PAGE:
In August, Sheila and I decided to take our tandem to Oregon to do two of the things on our bucket list: ride the Oregon Coast and ride the rim of Crater Lake. Well, we didn’t ride the whole Oregon Coast, but we got a taste. It was great fun.
August 5 – We set out from Seattle early on a Wednesday morning. We got to West Salem around noon. There we met my brother Ray who rode his bike up from Eugene. We strapped his bike next to ours on top of the car and drove to Lincoln City, gateway to the coast. It was a perfect coast day, sunny and no wind. Ray drove our car back to Eugene to await our arrival.
We strolled through Lincoln City and down the beach. We napped. I looked at tidepools just outside our window. The only thing I didn’t do was build a sandcastle. We even watched a couple of movies.
August 6 – Lincoln City to Yachats – 58 miles
We had a leisurely morning. We had a late breakfast, packed, and started rolling around 10. The coast from LC to Yachats is classic. There were vast stretches of beaches and gorgeous sea stacks. We went past Depoe Bay and took the Otter Crest Loop to avoid the climb over Cape Foulweather. There we saw this beautiful example of coastal bridges and had a long climb on a one way road to the top. We dropped down to Devil’s Punch Bowl. (It looked lots smaller than my childhood memories.)
Eventually we stopped at the Yaquina Head Lighthouse. It is almost 200 feet high. We took a pleasant tour of the facility, then continued on toward Yachats. We encountered our only bad weather of the trip about 6 miles from the end. It got misty, then drizzly, then rainy. It only lasted about 2 miles, just long enough for us to get really focused on finishing the day. We stayed at the Ocean Cove Motel. It was very nicely appointed. I’d highly recommend it. There was a sculpture of a whale’s tail with a mound of dirt in the front of it. Every minute the “whale” would spout. It was cute. We had a lovely vegan meal at the Drift Inn which included marionberry cobbler! Mmmmm. Then to bed.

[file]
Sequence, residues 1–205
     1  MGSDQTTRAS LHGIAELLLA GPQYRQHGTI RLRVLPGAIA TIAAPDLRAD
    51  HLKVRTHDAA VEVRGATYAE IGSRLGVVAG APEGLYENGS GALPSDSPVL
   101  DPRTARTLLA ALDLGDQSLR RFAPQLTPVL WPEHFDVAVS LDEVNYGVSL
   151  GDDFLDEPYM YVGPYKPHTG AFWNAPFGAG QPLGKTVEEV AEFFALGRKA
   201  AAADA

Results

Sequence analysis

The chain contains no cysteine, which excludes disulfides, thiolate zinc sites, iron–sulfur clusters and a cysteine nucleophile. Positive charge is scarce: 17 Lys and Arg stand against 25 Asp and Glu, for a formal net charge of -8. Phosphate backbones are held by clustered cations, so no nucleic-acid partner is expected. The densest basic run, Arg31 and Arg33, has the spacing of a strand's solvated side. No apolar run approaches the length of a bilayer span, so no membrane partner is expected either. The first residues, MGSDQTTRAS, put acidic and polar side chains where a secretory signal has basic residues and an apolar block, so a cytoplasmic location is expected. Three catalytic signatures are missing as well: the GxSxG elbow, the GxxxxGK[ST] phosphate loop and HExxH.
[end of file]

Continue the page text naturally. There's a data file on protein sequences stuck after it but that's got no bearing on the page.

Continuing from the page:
August 7 – Yachats to Reedsport – 50 miles
We had another late start. But the first thing on tap was the climb over Cape Perpetua. It was blessedly short and there was virtually no traffic! The day was overcast again, but reasonably warm. We saw Devil’s Churn there. After about 10 miles we arrived at Heceta Head lighthouse and stopped to tour it. We met a pair of father-son teams who were riding tandems down the coast as we walked up to the light. Then we made the mistake of agreeing to a tour. We thought it would be 10 minutes max. After 20 minutes of listening to the volunteer’s spiel we still hadn’t gotten to the stairway and there were 2 groups still ahead of us in line. We eventually finished the tour but weren’t happy about spending more than an hour off the bike so early in the day. We got our picture as we prepared to climb back up to Hwy 101. We saw these sea lions at the next pull out.
We rode on to Florence and stopped at Fred Meyer for lunch. We ate at the sand dune behind the store. I climbed it to find lots of sand stretching north and a golf course just to the south. What a weird place! The fathers and sons had stopped at Freddie’s too and we discovered they’d taken the Sea Lion Cave tour. We should have done that instead of Heceta Head.
By now we just wanted to get riding. We still had half our ride in front of us. And it turned out it was the half with all the real climbing. We did lots of long hills and finally dropped down to Reedsport. We got an early night’s sleep to prepare for our longest day of the year.
August 8 – Reedsport to Eugene – 97 miles
We got up early. I lubed the bike, then we packed up and headed for breakfast. I got blueberry pancakes the size of Texas. Sheila helped me finish them. Then we stocked up on water and headed for Smith River Road.